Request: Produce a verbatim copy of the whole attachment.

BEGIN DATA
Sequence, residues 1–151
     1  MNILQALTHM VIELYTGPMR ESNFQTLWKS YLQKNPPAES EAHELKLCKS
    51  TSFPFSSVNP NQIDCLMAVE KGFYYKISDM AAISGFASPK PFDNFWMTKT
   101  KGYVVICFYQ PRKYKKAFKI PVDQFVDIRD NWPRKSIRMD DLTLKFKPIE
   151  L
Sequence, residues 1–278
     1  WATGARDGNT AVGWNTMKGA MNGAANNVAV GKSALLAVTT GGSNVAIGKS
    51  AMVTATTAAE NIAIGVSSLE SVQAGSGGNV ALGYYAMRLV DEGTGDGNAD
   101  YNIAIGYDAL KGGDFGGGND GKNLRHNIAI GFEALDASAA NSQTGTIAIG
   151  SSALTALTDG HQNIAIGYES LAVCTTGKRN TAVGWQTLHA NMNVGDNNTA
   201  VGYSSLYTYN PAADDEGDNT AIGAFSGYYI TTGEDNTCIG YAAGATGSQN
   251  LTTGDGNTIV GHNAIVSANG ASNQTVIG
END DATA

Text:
Sequence, residues 1–151
     1  MNILQALTHM VIELYTGPMR ESNFQTLWKS YLQKNPPAES EAHELKLCKS
    51  TSFPFSSVNP NQIDCLMAVE KGFYYKISDM AAISGFASPK PFDNFWMTKT
   101  KGYVVICFYQ PRKYKKAFKI PVDQFVDIRD NWPRKSIRMD DLTLKFKPIE
   151  L
Sequence, residues 1–278
     1  WATGARDGNT AVGWNTMKGA MNGAANNVAV GKSALLAVTT GGSNVAIGKS
    51  AMVTATTAAE NIAIGVSSLE SVQAGSGGNV ALGYYAMRLV DEGTGDGNAD
   101  YNIAIGYDAL KGGDFGGGND GKNLRHNIAI GFEALDASAA NSQTGTIAIG
   151  SSALTALTDG HQNIAIGYES LAVCTTGKRN TAVGWQTLHA NMNVGDNNTA
   201  VGYSSLYTYN PAADDEGDNT AIGAFSGYYI TTGEDNTCIG YAAGATGSQN
   251  LTTGDGNTIV GHNAIVSANG ASNQTVIG